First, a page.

Disney Plus powered to a strong year-end finish, with the media giant’s flagship streaming business blowing past expectations to hit almost 130 million users.
At the end of 2021, Disney Plus had 129.8 million paying customers worldwide, gaining 11.8 million for the quarter ended Jan. 1, 2022. Analysts on average had forecast net adds of 7.3 million for the period, per FactSet.
The strong year-end streaming results came after the Mouse House missed subscriber targets the prior quarter. For the full year 2021, Disney Plus’ subscriber base grew 37%, up from 94.9 million a year prior.
Overall, Disney reported revenue of $21.82 billion and adjusted earnings per share of $1.06 cents for the period, the company’s first quarter of fiscal 2022. That handily beat analyst consensus estimates of $18.36 billion in revenue and EPS of 61 cents and sent the company’s shares soaring. Disney stock was up nearly 10% in after-hours trading on the beat.
For the first time, Disney broke out Disney Plus numbers by region: In the U.S. and Canada, the streamer had 42.9 million customers (up 18%); internationally excluding Disney Plus Hotstar, it had 41.1 million (up 40%); and Disney Plus Hotstar, which is the streaming brand in India and certain other Southeast Asian countries, had 45.9 million (up 57%). The streaming service benefitted from some buzzy programming, including The Beatles docuseries “Get Back” and “Hawkeye,” a spinoff from the company’s ever expanding Marvel universe.
The company also disclosed that average revenue per subscriber the most recent quarter was $6.68 for the U.S./Canada (+15% year over year) and $5.96 internationally (+26%). Disney Plus Hotstar’s ARPU was $1.03/month, up 5%.
ESPN Plus ended 2021 with 21.3 million customers (up 4.2 million the year-end quarter), and Hulu had 45.3 million total (up 1.5 million sequentially), including 4.3 million with the live TV package (up 300,000 versus the previous quarter).
Disney Plus gained 4.1 million U.S. subscribers in the quarter, including a gain of 2 million from the decision to bundle Disney Plus and ESPN Plus with Hulu With Live TV (for an extra $5/month), CFO Christine McCarthy noted on the company’s earnings call.
Disney Plus remains firmly in investment mode as it fights for share in the global streaming market. The media conglomerate has told Wall Street it plans to spend $33 billion on content for the 2022 fiscal year, up $8 billion year over year, with much of the increase earmarked for Disney Plus as well as Hulu and ESPN Plus. Disney expects Disney Plus to reach 230 million-260 million total paid subscribers by September 2024, and that the service will be profitable in fiscal 2024.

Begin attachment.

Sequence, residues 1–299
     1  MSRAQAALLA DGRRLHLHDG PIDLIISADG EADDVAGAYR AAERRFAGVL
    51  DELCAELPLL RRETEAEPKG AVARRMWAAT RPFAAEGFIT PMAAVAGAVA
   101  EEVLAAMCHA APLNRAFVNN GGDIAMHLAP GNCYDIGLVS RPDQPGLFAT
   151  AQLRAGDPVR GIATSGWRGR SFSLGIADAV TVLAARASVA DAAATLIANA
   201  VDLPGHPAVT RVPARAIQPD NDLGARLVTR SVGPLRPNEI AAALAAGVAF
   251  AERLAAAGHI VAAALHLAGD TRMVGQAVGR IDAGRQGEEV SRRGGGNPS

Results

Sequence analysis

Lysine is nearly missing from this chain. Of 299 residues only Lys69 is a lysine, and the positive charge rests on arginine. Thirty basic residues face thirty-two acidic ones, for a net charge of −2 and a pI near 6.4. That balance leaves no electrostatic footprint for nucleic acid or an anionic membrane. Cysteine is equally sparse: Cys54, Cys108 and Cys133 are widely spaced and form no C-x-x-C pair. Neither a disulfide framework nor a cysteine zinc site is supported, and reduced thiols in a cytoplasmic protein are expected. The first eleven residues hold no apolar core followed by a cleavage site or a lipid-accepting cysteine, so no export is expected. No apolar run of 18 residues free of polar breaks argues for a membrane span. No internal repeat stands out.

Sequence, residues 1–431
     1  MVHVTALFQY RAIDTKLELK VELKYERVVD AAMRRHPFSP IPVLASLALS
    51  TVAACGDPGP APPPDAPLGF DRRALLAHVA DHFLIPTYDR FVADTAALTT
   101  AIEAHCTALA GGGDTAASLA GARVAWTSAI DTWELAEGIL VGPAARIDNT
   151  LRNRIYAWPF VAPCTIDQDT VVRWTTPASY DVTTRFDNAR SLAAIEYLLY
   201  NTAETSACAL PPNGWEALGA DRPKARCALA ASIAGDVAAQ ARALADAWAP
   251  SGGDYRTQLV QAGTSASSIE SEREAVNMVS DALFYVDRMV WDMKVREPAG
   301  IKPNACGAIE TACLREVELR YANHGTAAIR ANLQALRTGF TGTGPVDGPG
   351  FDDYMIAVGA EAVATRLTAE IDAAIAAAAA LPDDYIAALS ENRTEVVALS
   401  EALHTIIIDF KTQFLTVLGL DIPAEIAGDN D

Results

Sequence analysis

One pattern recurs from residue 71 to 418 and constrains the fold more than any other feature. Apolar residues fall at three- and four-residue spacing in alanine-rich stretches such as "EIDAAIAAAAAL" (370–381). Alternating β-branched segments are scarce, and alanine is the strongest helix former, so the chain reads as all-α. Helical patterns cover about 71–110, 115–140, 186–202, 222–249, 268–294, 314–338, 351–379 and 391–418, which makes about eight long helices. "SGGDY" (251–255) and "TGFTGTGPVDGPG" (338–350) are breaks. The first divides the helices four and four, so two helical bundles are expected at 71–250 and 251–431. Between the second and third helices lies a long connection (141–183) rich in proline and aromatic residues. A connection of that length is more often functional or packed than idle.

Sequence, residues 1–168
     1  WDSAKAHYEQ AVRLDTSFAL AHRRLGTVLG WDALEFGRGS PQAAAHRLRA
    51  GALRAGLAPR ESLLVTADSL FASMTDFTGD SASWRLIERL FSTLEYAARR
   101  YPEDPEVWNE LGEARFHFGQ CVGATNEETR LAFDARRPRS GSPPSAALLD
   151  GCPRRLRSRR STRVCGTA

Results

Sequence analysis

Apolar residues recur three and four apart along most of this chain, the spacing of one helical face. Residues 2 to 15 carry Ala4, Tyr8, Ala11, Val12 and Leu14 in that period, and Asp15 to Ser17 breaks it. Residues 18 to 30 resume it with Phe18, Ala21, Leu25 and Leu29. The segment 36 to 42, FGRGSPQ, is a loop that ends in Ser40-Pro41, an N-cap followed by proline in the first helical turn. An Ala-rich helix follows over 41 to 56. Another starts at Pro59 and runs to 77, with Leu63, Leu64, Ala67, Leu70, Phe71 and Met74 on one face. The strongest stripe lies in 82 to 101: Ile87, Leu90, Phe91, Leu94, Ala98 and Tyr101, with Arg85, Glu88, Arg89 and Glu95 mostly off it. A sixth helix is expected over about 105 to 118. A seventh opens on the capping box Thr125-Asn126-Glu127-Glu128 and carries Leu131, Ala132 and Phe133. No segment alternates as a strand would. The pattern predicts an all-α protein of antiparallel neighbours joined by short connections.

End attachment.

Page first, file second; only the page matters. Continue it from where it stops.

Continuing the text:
Disney has yet to name a new head for Disney Plus after it reorganized the global direct-to-consumer streaming organization last month. With the reorg, Michael Paull was elevated to president of Disney Streaming; Joe Earley, former head of Disney Plus marketing and operations, was tapped as president of Hulu (reporting to Paull). The company also formed a new hub for international content creation led by Rebecca Campbell, who previously headed DTC operations.
Disney’s media and entertainment distribution segment, which includes not only its streaming services, but also its film and TV operations, saw revenues increase 15% to $14.6 billion, up from $12.7 billion in the prior-year quarter. Operating income surged from $1.3 billion to $3.2 billion. The three-month period saw the release of streaming hits like “Encanto,” as well as several box office disappointments such as “West Side Story” and “The Last Duel.” “Encanto” also failed to generate impressive ticket sales during its theatrical run but became a breakout on Disney Plus, which could mean that the animated film has more installments and spinoffs in its future.
“We do not subscribe to the belief that theatrical is the only way to build a Disney franchise,” Disney CEO Bob Chapek told investors on a call after earnings were announced.
Many of Disney Plus’s streaming series, such as “WandaVision” and “The Mandalorian,” have emerged out of film series and have been geared at viewers with kids. But the Disney chief made it clear that the service still has “headroom” for increasing its streaming subscriber base, and will add more general entertainment, such as “Black-ish” and “Wonder Years” to attract a broader audience. It will also continue to back blockbuster shows, including “Obi-Wan Kenobi,” which Disney announced would debut on May 25.
“We are bullish on our content, not only in terms of quantity, but also in terms of quality,” Chapek said.
But it wasn’t just streaming that drove the surge. Disney’s parks and experiences segment got a boost after being decimated by COVID-19 restrictions for much of 2020 and 2021. Overall revenues more than doubled to $7.2 billion, up from $3.6 billion in the prior-year period. Operating income swung to $2.4 billion compared to a loss of $119 million in the year-ago period. But there are still areas where the pandemic continues to be felt. Disney said its cruise ships were operating at reduced capacity, while operating costs and marketing at its parks were higher than in prior quarters.
The three-month period was a time of transition for Disney, with Bob Iger, the business leader who had orchestrated the company’s purchase of Lucasfilm, Marvel and Pixar, retiring from the company after a decades-long stint. His successor, Chapek, alluded to the end of one era and the beginning of a new one in his statement accompanying the report.
“This marks the final year of The Walt Disney Company’s first century, and performance like this coupled with our unmatched collection of assets and platforms, creative capabilities and unique place in the culture give me great confidence we will continue to define entertainment for the next 100 years,” Chapek said.
(Pictured above: Disney’s Oscar-nominated “Encanto,” which premiered on Disney Plus on Dec. 24)